by David Elfin

Eight days into their latest coaching search, the Redskins seem to be on the right track for a change.

Yesterday, Perry Fewell of the New York Giants became the fifth candidate to interview with Washington owner Dan Snyder and general manager Bruce Allen, following Baltimore’s Jim Caldwell, Dallas’ Rich Bisaccia, Carolina’s Sean McDermott and Seattle’s Darrell Bevell.

The Redskins have also reportedly asked to speak to Cincinnati’s Jay Gruden and Mike Zimmer, whose Bengals lost a wild card game on Sunday. San Francisco’s Greg Roman and Vic Fangio as well as San Diego’s Ken Whisenhunt, whom Washington all reportedly wants to interview, are off-limits as long as their teams are still in the playoffs.

While Whisenhunt coached Arizona to the Super Bowl five seasons ago and Caldwell followed suit with Indianapolis the next year, they are currently coordinators as are the other eight men mentioned.

What’s more, Fewell’s defense throttled Mike and Kyle Shanahan’s offense twice in 2013 as did Fangio’s in November and McDermott’s in 2012. Bisaccia’s special teams embarrassed Washington’s in October. Bevell’s offense outscored the Redskins 24-0 over the final three quarters in the wild card matchup a year ago yesterday in Landover.

Current defensive coordinator Jim Haslett’s unit kept Whisenhunt’s offense under control in Washington’s last victory back on Nov. 3 and did the same to Caldwell’s in a Redskins triumph in Week 14 of 2012, but Snyder and Allen are smart to consider qualified coordinators whose team generally had the upper hand on the burgundy and gold.

Meanwhile, such high-profile former coaches as Bill Cowher and Jon Gruden – who has worked before with Allen as has Bisaccia – have said that they haven’t been contacted by the Redskins (in contrast to the big name hires of Marty Schottenheimer in 2001, Joe Gibbs in 2004 and Mike Shanahan in 2010).

Nor have we seen such former Super Bowl coaches as Tony Dungy, Mike Holmgren, Brian Billick or Jim Fassel (a Snyder favorite back during the 2008 hiring process) surface during this latest coaching search.

Snyder and Allen also haven’t met with any college coaches (a la 2002-03 Redskins disaster Steve Spurrier) although they apparently are interested in Vanderbilt’s James Franklin (formerly Maryland’s offensive coordinator). Nor has the owner hired coordinators first as was the case when Jim Zorn was promoted from new offensive coordinator to new coach in 2008.

Hiring a coordinator is the right move. Of the eight coaches who will compete in this weekend’s divisional playoffs, only San Francisco’s Jim Harbaugh wasn’t previously a coordinator.

Carolina’s Ron Rivera and New Orleans’ Sean Payton reached postseason in four of their six years as coordinators. Seattle’s Pete Carroll and San Diego’s Mike McCoy were both three for six. New England’s Bill Belichick was six for 10. Indianapolis’ Chuck Pagano got there in his one year as a coordinator.

Only Denver’s John Fox failed to make the playoffs at least half the time as a coordinator, going two for seven. But Fox joined Rivera, Payton and Belichick in serving as a coordinator for a Super Bowl team. Possible Redskins hires Bisaccia, Fangio, Fewell, Roman and Whisenhunt have all done so, too.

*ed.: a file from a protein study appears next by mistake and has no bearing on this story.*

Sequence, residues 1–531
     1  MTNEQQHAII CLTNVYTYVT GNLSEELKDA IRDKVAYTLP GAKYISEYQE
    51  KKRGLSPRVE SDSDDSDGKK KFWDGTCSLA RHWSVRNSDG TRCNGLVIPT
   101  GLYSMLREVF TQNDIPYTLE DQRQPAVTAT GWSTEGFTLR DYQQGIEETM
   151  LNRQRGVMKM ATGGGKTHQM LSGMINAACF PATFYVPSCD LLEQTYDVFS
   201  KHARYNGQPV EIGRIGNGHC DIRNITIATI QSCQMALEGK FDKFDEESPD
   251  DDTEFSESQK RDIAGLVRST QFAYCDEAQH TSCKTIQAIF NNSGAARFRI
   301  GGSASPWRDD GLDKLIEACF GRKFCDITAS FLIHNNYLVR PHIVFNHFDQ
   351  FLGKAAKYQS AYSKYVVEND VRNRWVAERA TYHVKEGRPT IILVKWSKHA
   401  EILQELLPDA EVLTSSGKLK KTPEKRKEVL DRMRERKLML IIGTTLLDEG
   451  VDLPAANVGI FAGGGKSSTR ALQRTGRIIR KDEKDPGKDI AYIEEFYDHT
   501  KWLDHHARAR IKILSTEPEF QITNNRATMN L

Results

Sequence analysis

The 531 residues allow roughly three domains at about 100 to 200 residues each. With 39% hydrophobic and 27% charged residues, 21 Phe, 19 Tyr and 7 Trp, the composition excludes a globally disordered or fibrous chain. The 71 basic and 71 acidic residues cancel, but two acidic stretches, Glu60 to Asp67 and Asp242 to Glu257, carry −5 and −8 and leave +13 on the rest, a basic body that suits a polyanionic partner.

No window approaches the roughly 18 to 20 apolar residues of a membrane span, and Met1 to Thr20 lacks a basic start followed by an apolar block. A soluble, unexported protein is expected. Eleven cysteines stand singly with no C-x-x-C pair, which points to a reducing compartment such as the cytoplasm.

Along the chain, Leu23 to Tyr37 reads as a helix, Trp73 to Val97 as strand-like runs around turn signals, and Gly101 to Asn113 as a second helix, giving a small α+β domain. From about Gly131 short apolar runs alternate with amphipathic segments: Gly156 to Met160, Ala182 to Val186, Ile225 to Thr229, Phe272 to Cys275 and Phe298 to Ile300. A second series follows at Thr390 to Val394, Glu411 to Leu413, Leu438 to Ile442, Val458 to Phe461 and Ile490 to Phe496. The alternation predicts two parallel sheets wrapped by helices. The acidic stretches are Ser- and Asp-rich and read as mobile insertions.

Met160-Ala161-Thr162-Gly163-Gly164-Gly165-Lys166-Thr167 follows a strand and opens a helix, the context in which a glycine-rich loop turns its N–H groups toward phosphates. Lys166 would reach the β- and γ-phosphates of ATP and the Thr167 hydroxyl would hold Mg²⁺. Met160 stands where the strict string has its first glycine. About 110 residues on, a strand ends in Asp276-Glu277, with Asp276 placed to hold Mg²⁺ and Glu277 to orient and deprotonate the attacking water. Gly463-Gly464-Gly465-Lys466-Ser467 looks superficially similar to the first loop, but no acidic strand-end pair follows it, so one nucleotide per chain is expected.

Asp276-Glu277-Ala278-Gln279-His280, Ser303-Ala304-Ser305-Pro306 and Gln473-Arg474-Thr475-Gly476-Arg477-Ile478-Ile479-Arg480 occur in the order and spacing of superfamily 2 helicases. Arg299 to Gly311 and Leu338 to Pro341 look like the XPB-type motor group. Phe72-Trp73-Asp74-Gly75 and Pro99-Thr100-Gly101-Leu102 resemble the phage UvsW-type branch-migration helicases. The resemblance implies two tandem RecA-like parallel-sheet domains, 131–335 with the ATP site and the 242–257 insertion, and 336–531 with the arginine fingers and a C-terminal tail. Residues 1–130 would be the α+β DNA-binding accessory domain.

The only other time that Snyder engaged in a long and varied coaching search, back in 2008, he talked to former head coaches Carroll, Cowher, Fassel, Steve Mariucci, Jim Mora and Gregg Williams while only considering three coordinators who had never run an NFL team, Ron Meeks, Jim Schwartz and Steve Spagnuolo. Incredibly, the final product of that process was Zorn, who had never been a coordinator except for the previous three offseason weeks.

Zorn produced the same 12-20 record as college whiz Spurrier, who had never even coached in the NFL. Two-time Super Bowl champion Shanahan (24-40 regular season) matched their woeful .375 winning percentages while consistent winner Schottenheimer (8-8) and Hall of Famer/three-time Super Bowl champion Gibbs (30-34 regular season) also failed to top .500.

In fairness, hiring a coordinator is far from a guarantee of success. Spagnuolo bombed in St. Louis, Schwartz failed in Detroit and Meeks has returned to being a position coach while Carroll, who opted to stay Southern Cal back in 2008, is winning in Seattle.

Gibbs, whose teams went 1-2 in the playoffs when he was the offensive coordinator for three years for Tampa Bay and San Diego, proved in Washington to be a cinch for a bust in Canton. However, Richie Petitbon, whom Gibbs gave the freedom to run the defense as the Redskins won those three Super Bowls and four NFC titles from 1981-92, was just a bust when he took over for his retiring boss in 1993.

The Redskins have plenty of problems, starting with the owner, but hiring a coordinator as their next coach and letting him do his thing would be a sensible step towards fixing them.


David Elfin began writing about sports when he was a junior at Bethesda-Chevy Chase High School. He is Washington’s representative on the Pro Football Hall of Fame selection committee and the author of seven books, most recently, “Washington Redskins: The Complete Illustrated History.” A pre-game regular on 106.7-The Fan the last three Redskins seasons, he has been its columnist since March 2011.


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